Warren heats up 2020 money race as Buttigieg tops field

Warren heats up 2020 money race as Buttigieg tops field

South Bend, Ind., Mayor Pete ButtigiegPeter (Pete) Paul ButtigiegDemocratic strategist predicts most 2020 candidates will drop out in late fall The Hill's 12:30 Report: Trump hits media over 'send her back' coverage The Hill's Campaign Report: Second debate lineups set up high-profile clash MORE and former Vice President Joe BidenJoe BidenBiden compares Trump to George Wallace Sanders unveils plan to guarantee the 'right to a secure retirement' CNN Democratic debate drawing finishes third in cable news ratings race MORE are poised to post the biggest fundraising numbers of the second quarter, but Sen. Elizabeth WarrenElizabeth Ann WarrenJulián Castro is behind in the polls, but he's finding a niche Gabbard arrives in Puerto Rico to 'show support' amid street protests Democratic strategist predicts most 2020 candidates will drop out in late fall MORE (D-Mass.) is gaining momentum at the grass-roots level, setting up a full-on cash dash among the presidential primary's top-tier candidates.

While candidates have until July 15 to report their second-quarter hauls to the Federal Election Commission, a handful of Democrats have opted to announce their totals early, eager to show off their donor bases and extend their fundraising streaks into the second half of the year.

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Buttigieg is expected to lead the pack in the money race for the quarter. His campaign announced earlier this month that it had raked in $24.8 million from 294,000 donors over the past three months, more than three times the amount he raised in the first quarter of the year.

“I think obviously Mayor Pete has far more resources than most people would have predicted in January,” said Adam Parkhomenko, a Democratic strategist and former aide to former Secretary of State Hillary ClintonHillary Diane Rodham ClintonMatt Gaetz ahead of Mueller hearing: 'We are going to reelect the president' What to expect when Mueller testifies: Not much McConnell challenger faces tougher path after rocky launch MORE’s 2016 presidential campaign. “He’s sort of secured his spot.”

Meanwhile, Biden's campaign disclosed that he had raised $21.5 million since announcing his presidential bid in late April, a cash haul that puts him among the top two fundraisers of the quarter but is short of the $25 million that some donors predicted he would report.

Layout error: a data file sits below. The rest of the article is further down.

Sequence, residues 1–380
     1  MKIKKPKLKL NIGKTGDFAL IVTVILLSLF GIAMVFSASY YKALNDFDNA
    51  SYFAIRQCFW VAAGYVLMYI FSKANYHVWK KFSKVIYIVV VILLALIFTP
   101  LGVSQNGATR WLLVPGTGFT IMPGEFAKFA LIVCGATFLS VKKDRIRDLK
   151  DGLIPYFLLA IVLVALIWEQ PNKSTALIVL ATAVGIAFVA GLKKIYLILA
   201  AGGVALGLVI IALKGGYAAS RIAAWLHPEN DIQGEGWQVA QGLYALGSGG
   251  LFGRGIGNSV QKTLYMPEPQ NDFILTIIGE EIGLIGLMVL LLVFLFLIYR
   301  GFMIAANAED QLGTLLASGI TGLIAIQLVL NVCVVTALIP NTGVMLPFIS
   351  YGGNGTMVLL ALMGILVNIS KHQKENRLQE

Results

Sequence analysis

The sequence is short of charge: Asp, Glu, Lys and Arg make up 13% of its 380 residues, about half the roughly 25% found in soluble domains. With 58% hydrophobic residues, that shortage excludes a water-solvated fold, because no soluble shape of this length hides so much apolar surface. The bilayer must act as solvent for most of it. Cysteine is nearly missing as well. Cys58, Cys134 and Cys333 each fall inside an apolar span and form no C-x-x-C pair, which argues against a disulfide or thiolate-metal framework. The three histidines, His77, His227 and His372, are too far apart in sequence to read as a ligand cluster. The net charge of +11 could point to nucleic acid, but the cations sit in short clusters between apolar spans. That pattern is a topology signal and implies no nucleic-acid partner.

But it’s Warren and Sen. Bernie SandersBernie SandersGabbard arrives in Puerto Rico to 'show support' amid street protests Democratic strategist predicts most 2020 candidates will drop out in late fall Sanders unveils plan to guarantee the 'right to a secure retirement' MORE (I-Vt.) who have so far dominated the grass-roots fundraising circuit.

Sanders’s campaign announced last week that the Vermont senator brought in $18 million from more than 1 million donations in the second quarter of 2019, nearly matching the $18.2 million he raised in the first three months of the year. He is expected to report a $24 million haul for the quarter, including $6 million in transfers from other campaign accounts.

Faiz Shakir, Sanders’s campaign manager, said last week that the senator will report an estimated $30 million in cash on hand when he files his fundraising report on July 15.

Warren, who has put perhaps the most stringent restrictions on her fundraising channels, became the latest candidate to disclose her second-quarter fundraising total, announcing in an email to supporters on Monday that she would report raising more than $19 million since April. Like Buttigieg, that’s more than triple her first-quarter haul.

Rounding out the top-five polling candidates is Sen. Kamala HarrisKamala Devi HarrisWhat to expect when Mueller testifies: Not much Biden compares Trump to George Wallace CNN Democratic debate drawing finishes third in cable news ratings race MORE (D-Calif.), who announced on Friday that she raised nearly $12 million in the second quarter.

While that puts her well behind the other top-tier contenders, she was bolstered in the final days of fundraising by a standout performance in last month’s presidential debate in which she confronted Biden, the primary contest’s current front-runner, over his past position on school busing during his early years in the Senate in the 1970s.